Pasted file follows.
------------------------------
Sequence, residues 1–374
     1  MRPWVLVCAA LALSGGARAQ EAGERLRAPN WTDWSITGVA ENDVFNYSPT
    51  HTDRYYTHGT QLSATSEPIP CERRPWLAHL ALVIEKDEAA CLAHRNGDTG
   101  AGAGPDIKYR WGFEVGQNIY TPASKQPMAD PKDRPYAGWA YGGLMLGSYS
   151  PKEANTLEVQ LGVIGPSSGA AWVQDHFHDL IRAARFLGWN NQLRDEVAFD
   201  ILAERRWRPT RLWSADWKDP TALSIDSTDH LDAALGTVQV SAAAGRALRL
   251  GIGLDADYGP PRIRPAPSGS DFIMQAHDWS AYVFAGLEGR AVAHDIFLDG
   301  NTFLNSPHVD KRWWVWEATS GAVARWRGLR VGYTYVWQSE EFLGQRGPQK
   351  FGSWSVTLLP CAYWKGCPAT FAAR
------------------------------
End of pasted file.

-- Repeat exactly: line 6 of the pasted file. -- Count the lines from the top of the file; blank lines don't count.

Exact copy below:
   201  ILAERRWRPT RLWSADWKDP TALSIDSTDH LDAALGTVQV SAAAGRALRL